In addition to all that, the multi-tasking aspect of being online exhausts us, too. We must focus not only on multiple faces on the screen, but also chat messages and non-verbal signals such as people muting, turning their cameras off, video background environments and noise, etc. Online apps like a whiteboard, while increasing learner engagement, can also increase cognitive overload. Managing multiple online tasks can lead to Directed Attention Fatigue.
What Does This Mean for Learning?
According to all of the research done during 2020 (see bibliography link below), instruction and learning that is done online is stressful and exhausting, both physically and mentally. You, as the trainer, may not be totally conscious of this. However, your training participants experience this, regardless.
Dr. John Medina is a neurobiologist and author of the best-selling book Brain Rules. According to Medina, prolonged stress harms learning, negatively affects short- and long-term memory, impedes our ability to process language effectively, and reduces our problem-solving capabilities. In summation, the negative implications of stress and exhaustion on our ability to learn successfully are massive.
Quick, We Need to Pivot!
Author Cindy Huggett reports in her 2020 State of Virtual Training that there has been a considerable increase in the number of training sessions of over two hours since Covid hit. Huggett concludes that trainers have hurriedly moved courses designed for 1-2 days of in-person delivery to an online mode of delivery without considering the implications. She elaborates: “For long-term success, in-person classes should be translated and transformed when moved online. Organizations should seize the opportunity to redesign the learning experience to maximize all the benefits that virtual training has to offer.”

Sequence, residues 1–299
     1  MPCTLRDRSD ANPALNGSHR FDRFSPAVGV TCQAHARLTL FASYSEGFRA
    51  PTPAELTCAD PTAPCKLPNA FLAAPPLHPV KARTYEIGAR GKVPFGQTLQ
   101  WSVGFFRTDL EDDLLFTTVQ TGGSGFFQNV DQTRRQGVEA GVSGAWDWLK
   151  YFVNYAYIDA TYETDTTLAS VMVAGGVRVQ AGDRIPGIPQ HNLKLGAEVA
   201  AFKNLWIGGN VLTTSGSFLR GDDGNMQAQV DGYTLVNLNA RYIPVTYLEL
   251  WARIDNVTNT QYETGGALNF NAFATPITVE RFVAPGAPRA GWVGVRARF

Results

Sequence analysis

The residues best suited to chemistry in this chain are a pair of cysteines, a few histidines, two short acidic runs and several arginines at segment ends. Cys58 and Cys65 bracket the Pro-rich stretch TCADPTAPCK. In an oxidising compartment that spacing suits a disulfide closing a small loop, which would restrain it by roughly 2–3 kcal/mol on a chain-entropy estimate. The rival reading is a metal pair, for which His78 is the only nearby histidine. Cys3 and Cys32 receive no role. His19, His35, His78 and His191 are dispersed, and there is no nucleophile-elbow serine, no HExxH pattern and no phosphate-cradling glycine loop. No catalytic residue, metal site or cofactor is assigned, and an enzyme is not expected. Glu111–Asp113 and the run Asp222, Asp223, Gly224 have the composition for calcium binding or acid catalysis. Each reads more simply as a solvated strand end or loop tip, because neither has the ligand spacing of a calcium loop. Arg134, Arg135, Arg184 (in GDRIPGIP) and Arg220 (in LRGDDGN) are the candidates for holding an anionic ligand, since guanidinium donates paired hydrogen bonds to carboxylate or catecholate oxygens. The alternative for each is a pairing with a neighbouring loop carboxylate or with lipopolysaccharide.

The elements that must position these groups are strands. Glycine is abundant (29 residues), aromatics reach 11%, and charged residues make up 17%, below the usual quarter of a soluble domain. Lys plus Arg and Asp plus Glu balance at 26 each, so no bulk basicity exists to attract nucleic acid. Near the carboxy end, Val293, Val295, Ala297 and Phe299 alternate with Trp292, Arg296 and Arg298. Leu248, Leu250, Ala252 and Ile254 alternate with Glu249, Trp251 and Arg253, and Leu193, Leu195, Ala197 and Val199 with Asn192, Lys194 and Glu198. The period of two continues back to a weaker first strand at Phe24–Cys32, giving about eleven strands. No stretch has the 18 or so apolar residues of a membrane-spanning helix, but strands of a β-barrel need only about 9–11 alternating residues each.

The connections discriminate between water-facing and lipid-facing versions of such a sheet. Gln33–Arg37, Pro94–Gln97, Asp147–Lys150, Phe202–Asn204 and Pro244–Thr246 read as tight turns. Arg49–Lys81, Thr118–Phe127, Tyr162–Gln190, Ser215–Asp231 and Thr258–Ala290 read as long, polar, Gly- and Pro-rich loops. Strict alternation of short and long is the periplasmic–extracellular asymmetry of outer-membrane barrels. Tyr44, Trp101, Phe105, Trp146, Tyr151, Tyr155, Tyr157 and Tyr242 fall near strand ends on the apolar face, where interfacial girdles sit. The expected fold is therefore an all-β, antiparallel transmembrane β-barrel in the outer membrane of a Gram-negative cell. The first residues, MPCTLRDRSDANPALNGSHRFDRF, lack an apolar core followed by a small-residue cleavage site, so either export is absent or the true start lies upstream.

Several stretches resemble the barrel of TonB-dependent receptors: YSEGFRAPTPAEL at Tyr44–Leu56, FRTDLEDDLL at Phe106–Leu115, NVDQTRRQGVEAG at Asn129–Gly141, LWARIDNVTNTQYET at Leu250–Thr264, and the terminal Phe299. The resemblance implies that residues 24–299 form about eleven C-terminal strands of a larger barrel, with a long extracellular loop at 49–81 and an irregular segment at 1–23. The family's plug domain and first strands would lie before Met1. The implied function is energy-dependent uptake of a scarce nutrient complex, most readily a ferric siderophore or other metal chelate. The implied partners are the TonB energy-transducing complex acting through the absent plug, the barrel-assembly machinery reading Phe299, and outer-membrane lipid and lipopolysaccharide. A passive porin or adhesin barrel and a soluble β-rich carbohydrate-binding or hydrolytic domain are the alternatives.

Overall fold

Some Suggestions for Virtual Learning Success:
As a virtual class trainer, it is within your power to maximize the online learning experience and reduce the stress and exhaustion for your learners. Here are some practical steps you can take to make your training more learner-centric:
1. Be like NASA. The US National Aviation and Space Administration breaks up long days of live virtual training into shorter sessions spaced out over a longer time period. Using this longer time period between sessions, NASA provides learners with opportunities to do workplace practice and to revisit the content in multiple ways (spacing and retrieval practice). You can do the same: space your content over multiple shorter class sessions, with a day or two in between each session. Let your learners “sleep on it,” reflect, do some offline reading/writing, and come back refreshed and ready to learn more.
2. Redesign your class for Live Virtual Training. Do NOT move your in-person class online! Take into account the environment and create a version of your class which makes best use of virtual learning experiences.
3. Stop lecturing and flip your classroom! Move lecture content offline and let learners pick it up at their own pace. Bring everyone together online to discuss, reinforce, practice, and elaborate on what they are learning. Remember the acronym “WAIT” – “Why Am I Talking?” Make that time together count!